Growing up with abuse the majority of my life, I didn’t get to experience a lot of happy memories like other kids do with their parents. I don’t remember going to the park very often if at all, amusement parks were incredibly rare, and any time family activities were done, they seldom provided happy memories.
A lot of the time when I wanted to go to and/or do such things, I wouldn’t be able to go because of my abusive mother, and my dad wouldn’t be able to take me because he’d be at work avoiding being around the situation.
(I still remember a promise of being taken to Carowinds when I was 13.)
So while I’ve gotten used to being the daughter that’s been abused and didn’t have a happy childhood and that was just “it”, for lack of better words, it still makes me envious to see other kids and adults who grew up with fond memories of their childhood.
It’s something all children deserve to happen, but unfortunately, it’s hard to let go of the feelings of, “Why couldn’t I have gotten that kind of life?”
Last week, I went to an amusement park at Myrtle Beach with my boyfriend and his family. He has two half siblings who are nine and ten, just a few years older than I was when the abuse started.
The last time I had gone to an amusement park was to Canada’s Wonderland with my ex and his friends, but that had a different feel to it than what I had going to one with parents. It may not have been my parents, but they were the parents of someone who is major in my life and that still has some sort of impact. We may not be married or anything, but I guess in some sort of way, they could be sort of my parents, if that makes any sense.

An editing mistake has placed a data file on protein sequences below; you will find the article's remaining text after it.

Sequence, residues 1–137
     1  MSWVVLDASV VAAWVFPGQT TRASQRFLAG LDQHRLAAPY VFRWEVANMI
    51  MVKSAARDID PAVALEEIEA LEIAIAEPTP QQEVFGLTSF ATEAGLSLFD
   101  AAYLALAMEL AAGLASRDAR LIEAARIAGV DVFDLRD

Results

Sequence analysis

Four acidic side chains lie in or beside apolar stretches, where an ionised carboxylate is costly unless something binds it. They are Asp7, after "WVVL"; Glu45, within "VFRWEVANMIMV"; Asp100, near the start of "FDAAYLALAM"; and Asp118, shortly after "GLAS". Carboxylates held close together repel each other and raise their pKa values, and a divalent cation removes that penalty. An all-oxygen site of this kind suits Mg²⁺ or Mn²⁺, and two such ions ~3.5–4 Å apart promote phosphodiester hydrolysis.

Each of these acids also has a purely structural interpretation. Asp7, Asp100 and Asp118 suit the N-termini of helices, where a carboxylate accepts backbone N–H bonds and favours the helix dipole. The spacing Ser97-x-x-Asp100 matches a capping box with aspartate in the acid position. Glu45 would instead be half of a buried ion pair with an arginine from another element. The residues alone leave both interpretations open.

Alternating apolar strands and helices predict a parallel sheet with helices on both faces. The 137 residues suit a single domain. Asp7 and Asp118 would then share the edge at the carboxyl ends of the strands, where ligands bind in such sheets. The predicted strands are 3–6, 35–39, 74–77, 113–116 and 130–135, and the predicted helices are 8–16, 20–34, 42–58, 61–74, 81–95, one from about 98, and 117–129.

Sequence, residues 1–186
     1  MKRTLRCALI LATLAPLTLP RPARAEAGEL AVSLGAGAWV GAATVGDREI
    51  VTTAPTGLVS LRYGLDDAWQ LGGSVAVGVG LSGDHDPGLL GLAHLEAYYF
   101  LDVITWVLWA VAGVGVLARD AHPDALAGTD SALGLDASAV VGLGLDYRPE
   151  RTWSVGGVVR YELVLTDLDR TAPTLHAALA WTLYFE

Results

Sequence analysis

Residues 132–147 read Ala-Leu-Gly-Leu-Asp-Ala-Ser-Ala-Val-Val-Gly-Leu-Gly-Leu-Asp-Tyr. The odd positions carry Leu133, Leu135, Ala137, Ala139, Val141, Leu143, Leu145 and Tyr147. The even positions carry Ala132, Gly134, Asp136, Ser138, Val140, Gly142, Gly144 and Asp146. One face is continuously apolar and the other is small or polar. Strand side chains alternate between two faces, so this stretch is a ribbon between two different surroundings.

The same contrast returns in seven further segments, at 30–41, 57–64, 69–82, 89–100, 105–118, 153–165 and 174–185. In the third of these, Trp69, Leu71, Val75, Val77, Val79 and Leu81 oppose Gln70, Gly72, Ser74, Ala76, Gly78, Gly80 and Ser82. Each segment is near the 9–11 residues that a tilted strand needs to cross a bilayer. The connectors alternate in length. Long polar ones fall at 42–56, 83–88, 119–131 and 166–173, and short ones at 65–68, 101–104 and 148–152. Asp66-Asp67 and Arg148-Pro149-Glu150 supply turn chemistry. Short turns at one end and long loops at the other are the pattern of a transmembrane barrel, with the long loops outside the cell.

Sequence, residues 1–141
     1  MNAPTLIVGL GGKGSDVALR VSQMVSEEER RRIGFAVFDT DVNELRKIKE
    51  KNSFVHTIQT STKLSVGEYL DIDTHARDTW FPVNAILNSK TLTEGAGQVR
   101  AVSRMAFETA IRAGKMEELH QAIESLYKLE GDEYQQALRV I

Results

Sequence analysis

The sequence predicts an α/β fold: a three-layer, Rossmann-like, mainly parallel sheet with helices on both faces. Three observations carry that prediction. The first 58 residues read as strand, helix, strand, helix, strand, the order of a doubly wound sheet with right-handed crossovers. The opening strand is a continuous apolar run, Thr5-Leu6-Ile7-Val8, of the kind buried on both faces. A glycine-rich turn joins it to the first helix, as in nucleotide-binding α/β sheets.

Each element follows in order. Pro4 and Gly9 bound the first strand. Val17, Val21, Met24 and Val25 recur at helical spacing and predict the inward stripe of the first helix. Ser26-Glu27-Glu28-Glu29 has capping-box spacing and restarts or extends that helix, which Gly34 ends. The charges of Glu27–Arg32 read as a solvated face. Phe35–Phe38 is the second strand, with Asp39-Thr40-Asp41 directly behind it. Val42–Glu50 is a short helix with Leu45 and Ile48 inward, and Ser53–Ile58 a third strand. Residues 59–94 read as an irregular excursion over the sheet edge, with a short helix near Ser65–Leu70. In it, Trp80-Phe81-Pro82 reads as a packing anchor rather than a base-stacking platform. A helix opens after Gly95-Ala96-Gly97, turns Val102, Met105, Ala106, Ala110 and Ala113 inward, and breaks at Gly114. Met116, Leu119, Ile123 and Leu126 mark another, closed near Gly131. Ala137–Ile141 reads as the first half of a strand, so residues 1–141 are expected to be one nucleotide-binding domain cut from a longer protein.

So when I started going on rides with my boyfriend’s family, it became incredibly sentimental to me. I felt like I was reliving my childhood but in a way it should’ve should in my late twenties, and I started to tear up (partially because one of the rides was smacking me right in the head and shoulder, but also because feelings).
There was no yelling, screaming insults, hitting, any of that. People were having a good time enjoying being kids and being parents and watching their kids enjoy their time. These are all concepts that have been foreign to me for as long as I can remember.
What’s weird to me is part of me was so uncomfortable, and for what? These were all good things to experience and I should have been happy, and at the same time, I was. But, for some reason, I could not shake off the feeling that it was also so wrong for me to experience this.
But I wanted more. And I started to cry to myself because it felt like a piece of me that was missing was starting to show up. Yes, I’m a 28-year-old woman who started getting emotional over things that are more “for” kids, but when something or someone has been neglected for so long, you sometimes simply can’t help it.
One thing I’d like people who are reading this to keep in mind is that this isn’t about just getting to go to amusement parks. I’m not making this a piece of, “Wah, I didn’t get to go to the park like others did, woe is me.” It’s more about the happy experiences that people get as a family, whether that be a trip to an expensive park, or a regular nature park, or even just spending time playing soccer or catch in the front yard.
It’s about not experiencing proper love and care as a child when you saw others get those things, and feeling discomfort when finally experiencing it in some way but yet also yearning for more.